Austria’s internet users reflect a slightly conservative, affluent skew in the population at large. Most were long ago able to afford PCs (and to upgrade those devices), displaying clear implications for digital habits.
Desktop/laptop ownership in Austria dropped below 90% in H1 2019 but remained notable at 88.8%—one of the highest percentages recorded worldwide by GlobalWebIndex. Internet users across all age groups and income levels owned PCs, though the highest level of ownership, by a small margin, was among those ages 55 to 64 (92.0%). More than half (54.0%) of respondents ages 16 to 64 polled this year also owned a tablet, a higher proportion than in 2018.
In H1 2018, the average time spent per day with PCs and tablets was 3 hours, 13 minutes (3:13); in H1 2019, that value had declined only marginally, to 3:11. In contrast, average time spent with broadcast TV was more than an hour shorter, at 1:53. That gap is partly the result of younger individuals increasingly moving to time-shifted and digital alternatives, including PC viewing of TV and video content. In H1 2019, 79.0% of respondents ages 16 to 24 said they had watched TV in the prior month, compared with 91.6% of those 55 to 64.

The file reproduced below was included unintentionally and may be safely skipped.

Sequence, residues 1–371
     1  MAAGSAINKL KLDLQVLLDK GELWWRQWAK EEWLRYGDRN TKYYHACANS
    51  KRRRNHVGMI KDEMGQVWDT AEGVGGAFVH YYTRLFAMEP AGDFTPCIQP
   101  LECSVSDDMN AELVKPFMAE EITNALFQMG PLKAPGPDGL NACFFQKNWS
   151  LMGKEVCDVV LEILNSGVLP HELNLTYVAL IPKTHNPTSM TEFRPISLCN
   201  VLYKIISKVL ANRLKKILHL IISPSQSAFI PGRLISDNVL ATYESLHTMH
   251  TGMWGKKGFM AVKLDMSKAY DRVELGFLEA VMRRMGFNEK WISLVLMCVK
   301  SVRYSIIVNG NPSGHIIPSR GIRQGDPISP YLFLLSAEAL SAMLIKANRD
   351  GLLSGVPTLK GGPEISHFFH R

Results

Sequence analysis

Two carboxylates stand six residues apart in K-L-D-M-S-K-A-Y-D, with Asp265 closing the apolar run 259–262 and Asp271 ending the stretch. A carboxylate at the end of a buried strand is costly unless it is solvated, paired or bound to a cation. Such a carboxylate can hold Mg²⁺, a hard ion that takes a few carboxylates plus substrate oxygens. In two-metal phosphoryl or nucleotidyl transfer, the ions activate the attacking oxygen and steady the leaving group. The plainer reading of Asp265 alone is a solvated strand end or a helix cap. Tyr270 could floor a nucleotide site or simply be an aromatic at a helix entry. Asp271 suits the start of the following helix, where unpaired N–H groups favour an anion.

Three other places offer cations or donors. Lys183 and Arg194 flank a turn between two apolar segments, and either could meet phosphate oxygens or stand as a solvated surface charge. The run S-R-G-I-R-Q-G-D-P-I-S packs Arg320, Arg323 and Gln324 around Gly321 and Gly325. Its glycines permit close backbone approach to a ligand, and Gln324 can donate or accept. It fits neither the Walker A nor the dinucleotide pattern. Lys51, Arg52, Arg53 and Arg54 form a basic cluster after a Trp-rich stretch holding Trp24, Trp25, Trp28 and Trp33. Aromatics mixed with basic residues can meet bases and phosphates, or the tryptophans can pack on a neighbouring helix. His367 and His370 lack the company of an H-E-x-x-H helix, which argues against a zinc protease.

Conversely, usage of video-on-demand (VOD) services soared among younger web users. Fully, 92.9% of those ages 16 to 24 had watched content via such options in the month prior to polling in H1 2019, but that share fell by several percentage points with each decade of age. Some 72.4% of respondents ages 45 to 54 had viewed VOD content in the previous month; in the 55-to-64 age bracket, that share was 62.3%.
Smartphone ownership in Austria climbed to 95.9% in H1 2019, from 94.5% a year prior. Yet the average time spent per day with mobile activities was a full hour less than PC/tablet time (2:11 vs. 3:11).